In the case of Khin Tuch, he said, he doubted her spine was actually broken. It may have been a lighter injury, or a dislocation.

"If the break is simple, no wound, no cuts, a patient can go to the Khmer traditional healer," he said. "But we should watch. If a problem occurs, we should go to the hospital quickly. We will not stop traditional healers, because they are well-known for fixing broken bones. They have warming herbs to get rid of swollen flesh and quickly cure broken bones."

Back at the Great Healer's, far from hospitals and their scanners, surgeries and the metal pins and screws doctors sometimes use to treat breaks, Grandma Seur, wife of Var Phom, sat chewing betel nut and mashing herbs in a mortar.

"For warming up bones that have been broken for awhile," she said.

Var Phom had been a healer for more than 50 years, she said. The thatch ward had at least ten patients at all times. Cured patients left, new patients came.

"I don't know how patients know and continue to come, more or less," she said. "One or two every day. Two patients leave, three come, or the other way around."

Behind her, one of those patients was Sam Ath, who sat swatting insects and scratching his thing. He had come nine days ago to have his leg mended, after the hospital told him it needed amputated. He would be home in a week, cured, he said.

"I heard of his well-known reputation from a far distance," he said of Var Phom. "I went to the hospital. They wanted to amputate my leg, at a coast of $300 or $400."

(In Phnom Penh, Veng Thai said a hospital would only decide to amputate if a broken leg when the arteries that supply blood to the limbs were pinched off, causing gangrene.)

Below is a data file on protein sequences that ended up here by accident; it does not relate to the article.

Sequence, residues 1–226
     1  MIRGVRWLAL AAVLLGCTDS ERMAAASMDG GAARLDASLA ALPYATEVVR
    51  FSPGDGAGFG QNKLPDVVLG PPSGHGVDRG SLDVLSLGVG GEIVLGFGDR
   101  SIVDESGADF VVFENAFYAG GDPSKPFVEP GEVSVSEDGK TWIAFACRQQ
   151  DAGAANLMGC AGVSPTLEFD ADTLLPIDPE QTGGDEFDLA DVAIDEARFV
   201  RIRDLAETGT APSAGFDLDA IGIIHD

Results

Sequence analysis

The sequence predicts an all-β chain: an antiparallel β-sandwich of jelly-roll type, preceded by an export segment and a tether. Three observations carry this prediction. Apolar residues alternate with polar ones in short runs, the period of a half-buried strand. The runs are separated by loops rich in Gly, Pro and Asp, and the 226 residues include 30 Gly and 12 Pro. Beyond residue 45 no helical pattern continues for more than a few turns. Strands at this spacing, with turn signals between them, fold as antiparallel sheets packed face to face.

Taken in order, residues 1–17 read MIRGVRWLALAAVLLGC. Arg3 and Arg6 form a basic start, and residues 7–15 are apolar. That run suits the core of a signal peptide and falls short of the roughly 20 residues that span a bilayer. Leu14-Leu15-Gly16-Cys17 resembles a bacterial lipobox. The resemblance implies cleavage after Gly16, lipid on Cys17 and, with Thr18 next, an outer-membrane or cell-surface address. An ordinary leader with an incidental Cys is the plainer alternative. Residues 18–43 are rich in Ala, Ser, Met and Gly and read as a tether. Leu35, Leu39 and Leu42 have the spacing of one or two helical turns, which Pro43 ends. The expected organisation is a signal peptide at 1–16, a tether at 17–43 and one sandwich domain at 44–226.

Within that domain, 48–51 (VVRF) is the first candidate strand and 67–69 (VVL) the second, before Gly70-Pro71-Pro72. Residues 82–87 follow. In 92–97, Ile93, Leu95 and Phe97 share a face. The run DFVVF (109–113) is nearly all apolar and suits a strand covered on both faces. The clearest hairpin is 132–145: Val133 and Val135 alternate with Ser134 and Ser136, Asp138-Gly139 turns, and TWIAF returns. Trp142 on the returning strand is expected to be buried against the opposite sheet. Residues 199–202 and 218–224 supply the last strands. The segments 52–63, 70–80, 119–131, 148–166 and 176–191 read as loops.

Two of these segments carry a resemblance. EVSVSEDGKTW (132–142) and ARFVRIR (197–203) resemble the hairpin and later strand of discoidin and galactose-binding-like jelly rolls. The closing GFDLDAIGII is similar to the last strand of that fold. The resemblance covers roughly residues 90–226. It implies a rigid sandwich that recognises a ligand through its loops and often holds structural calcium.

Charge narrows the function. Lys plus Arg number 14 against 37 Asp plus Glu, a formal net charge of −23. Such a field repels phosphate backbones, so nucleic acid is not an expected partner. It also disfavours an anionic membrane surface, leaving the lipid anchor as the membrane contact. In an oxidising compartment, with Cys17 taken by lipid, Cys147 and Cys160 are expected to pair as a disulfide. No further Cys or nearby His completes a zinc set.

As for the Great Healer, he said he inherited the secrets of bone mending from his father, using traditional herbs and magic from spirits that possess him. When patients show him an X-ray from the hospital, he says he needs no film to tell him where the breaks are.

"I learned it myself. I learned two courses from my father. Spirits possess me. As soon as I see a broken thigh, I know what to do," he said.

Pressed on how he really learned his craft, he said: "Healer from heaven, healer for vehicle." And then he said destiny had chosen his daughter, Phon Sitha, to be trained.

Most patients come out of hospitals, Phon Sitha said, and she never left a patient uncured. When patients are ready to leave, they pay a minimal fee, though they are not charged, as per the rules of spells spoken in the Pali language. Some pay as little as 10,000 riel, about $2.50, for treatment.

"It is not the herb alone that cures the bones, but Khmer traditional magic. Spells too," she said. "Now my dad leaves the work to me. I try step by step. He helps me some and I cure patients by myself."

It is not always easy. Traditional herbs are getting harder to find these days, she said. Some of them are sought by grazing cattle.